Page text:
Date: January 1, 1970
Creator: Astely, E. R. & Cabell, C. P.
Partner: UNT Libraries Government Documents Department

REACTIVITY INITIATED ACCIDENT TEST SERIES TEST RIA 1-4 EXPERIMENT PREDICTIONS

Description: The results of the pretest analyses for Test RIA 1-4 are presented. Test RIA 1-4 consists of a 3x3 array of previously irradiated MAP! fuel rods. The rods have 5.7% enriched UO{sub 2} fuel in zircaloy-4 cladding with an average burnup of 5300 MWd/t. The objective for Test RIA 1-4 is to provide information regarding loss-of-coolable fuel rod geometry following RIA event for a radial-average peak fuel enthalpy equivalent to the present licensing criteria of 1172 J/g (280 cal/g UO{sub 2}). Radial averaged peak fuel enthalpies of 1172 J/g (280 cal/g) 1077 J/g {257 cal/g), and 978 J/g (234 cal/g) for the corner, side, and center fuel rods, respectively, are planned to be achieved during a 2.7 ms reactor period power burst. The results of the FRAP-T5 analyses indicate that all nine rods will fail within 26 ms from the start of the power burst due to pellet-cladding mechanical interaction. All of the rods will undergo partial fuel melting. All rods will operate under extended film boiling (>30 sec) conditions and about 70% of the cladding length is expected to be molten. Approximately 15% of the cladding thickness will be oxided. Fuel swelling due to fission gas release and melting combined with fuel and cladding fragmentation, will probably produce a complete coolant flow blockage within the flow shroud.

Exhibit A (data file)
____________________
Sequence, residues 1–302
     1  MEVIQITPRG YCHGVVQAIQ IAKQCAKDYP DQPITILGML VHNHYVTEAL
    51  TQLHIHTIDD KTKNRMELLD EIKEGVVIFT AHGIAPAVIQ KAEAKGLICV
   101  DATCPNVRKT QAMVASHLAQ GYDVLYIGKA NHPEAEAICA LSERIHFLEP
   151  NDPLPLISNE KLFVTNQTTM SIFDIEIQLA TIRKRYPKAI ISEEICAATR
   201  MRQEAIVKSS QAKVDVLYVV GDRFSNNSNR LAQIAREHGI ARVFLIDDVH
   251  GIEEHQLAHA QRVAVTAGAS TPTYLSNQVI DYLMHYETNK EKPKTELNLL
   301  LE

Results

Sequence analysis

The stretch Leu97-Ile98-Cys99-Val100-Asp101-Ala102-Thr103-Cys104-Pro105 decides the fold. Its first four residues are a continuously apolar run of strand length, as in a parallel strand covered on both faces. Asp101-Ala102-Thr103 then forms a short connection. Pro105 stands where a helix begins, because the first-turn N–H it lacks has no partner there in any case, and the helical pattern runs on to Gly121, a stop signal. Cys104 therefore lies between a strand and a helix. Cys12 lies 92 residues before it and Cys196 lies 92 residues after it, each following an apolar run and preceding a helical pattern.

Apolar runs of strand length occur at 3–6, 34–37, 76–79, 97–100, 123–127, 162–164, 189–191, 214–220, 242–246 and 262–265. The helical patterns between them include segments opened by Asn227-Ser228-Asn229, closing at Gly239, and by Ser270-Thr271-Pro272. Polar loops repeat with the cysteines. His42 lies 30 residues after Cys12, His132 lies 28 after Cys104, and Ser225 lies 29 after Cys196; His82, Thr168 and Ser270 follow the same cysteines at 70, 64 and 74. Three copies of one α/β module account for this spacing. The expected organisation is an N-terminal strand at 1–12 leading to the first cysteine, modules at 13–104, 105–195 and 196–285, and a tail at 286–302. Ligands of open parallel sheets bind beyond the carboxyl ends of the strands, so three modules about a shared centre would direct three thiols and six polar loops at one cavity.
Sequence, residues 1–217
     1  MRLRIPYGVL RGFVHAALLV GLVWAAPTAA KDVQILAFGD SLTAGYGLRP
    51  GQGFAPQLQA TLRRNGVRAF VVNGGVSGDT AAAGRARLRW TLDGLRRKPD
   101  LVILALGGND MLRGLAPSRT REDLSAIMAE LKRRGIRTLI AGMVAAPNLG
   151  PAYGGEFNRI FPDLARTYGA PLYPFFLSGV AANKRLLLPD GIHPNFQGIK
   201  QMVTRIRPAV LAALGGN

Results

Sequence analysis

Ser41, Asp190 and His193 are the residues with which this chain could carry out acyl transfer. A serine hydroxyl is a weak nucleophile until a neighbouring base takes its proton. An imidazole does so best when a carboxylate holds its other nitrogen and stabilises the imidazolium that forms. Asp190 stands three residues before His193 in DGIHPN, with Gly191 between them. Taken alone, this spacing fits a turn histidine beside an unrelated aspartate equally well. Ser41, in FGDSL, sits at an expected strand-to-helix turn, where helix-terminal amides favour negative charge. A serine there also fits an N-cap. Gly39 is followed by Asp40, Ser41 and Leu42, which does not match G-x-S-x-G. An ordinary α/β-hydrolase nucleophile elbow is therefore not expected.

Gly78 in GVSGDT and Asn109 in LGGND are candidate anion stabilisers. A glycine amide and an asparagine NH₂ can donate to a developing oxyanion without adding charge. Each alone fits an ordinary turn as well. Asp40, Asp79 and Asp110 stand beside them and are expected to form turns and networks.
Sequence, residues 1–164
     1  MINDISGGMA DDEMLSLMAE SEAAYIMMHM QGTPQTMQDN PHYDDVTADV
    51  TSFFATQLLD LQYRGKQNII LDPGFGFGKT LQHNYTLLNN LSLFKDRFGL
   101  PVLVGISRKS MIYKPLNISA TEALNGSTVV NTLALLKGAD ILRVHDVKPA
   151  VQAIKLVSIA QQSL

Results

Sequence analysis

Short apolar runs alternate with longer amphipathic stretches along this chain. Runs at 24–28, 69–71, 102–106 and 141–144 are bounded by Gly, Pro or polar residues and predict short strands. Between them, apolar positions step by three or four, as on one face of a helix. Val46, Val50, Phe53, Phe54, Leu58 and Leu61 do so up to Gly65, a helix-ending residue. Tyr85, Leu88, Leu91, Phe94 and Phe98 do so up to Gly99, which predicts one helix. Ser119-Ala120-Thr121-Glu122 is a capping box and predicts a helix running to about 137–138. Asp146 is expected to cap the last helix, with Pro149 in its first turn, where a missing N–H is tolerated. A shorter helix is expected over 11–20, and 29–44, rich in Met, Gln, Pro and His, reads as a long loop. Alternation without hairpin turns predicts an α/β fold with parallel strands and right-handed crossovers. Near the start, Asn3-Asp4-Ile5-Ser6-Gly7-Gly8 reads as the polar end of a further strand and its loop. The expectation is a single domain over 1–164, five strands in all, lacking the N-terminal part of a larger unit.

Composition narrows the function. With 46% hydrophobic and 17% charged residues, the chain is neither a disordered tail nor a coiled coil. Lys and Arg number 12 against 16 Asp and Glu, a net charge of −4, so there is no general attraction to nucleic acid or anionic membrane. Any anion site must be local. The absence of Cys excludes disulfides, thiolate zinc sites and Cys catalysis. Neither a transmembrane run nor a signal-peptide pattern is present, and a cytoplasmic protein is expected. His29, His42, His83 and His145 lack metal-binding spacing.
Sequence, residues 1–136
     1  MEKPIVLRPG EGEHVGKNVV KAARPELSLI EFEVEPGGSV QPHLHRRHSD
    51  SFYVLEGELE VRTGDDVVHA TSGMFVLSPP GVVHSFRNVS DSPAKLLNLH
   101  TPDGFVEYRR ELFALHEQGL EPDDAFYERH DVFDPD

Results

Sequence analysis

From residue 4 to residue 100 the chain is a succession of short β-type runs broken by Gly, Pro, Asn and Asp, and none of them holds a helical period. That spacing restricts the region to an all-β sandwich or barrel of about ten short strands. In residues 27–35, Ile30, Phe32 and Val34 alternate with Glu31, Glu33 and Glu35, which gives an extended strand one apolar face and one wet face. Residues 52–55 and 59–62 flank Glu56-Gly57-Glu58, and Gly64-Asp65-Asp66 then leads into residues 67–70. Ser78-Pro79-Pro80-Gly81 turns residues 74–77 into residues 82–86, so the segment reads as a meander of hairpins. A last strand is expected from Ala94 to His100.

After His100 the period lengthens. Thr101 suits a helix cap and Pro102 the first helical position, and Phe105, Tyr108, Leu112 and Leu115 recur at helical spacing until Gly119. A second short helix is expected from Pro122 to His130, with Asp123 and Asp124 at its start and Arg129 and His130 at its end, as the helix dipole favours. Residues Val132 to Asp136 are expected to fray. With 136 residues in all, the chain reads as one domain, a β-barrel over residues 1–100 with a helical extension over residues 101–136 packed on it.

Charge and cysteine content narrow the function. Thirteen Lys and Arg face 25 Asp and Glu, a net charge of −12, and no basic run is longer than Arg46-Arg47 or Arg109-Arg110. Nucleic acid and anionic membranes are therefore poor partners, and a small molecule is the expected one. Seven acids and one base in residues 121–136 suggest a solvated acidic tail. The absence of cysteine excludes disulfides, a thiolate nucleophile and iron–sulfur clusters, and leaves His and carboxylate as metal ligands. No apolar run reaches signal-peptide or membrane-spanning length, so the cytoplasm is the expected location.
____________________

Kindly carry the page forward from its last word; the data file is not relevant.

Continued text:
Date: February 1980
Creator: Fukuda, S. K. & Martinson, Z. R.
Partner: UNT Libraries Government Documents Department

Blanket Biological Review for General Maintenance Activities Within Active Burial Grounds, 200 E and 200 W Areas, ECR #2000-200-013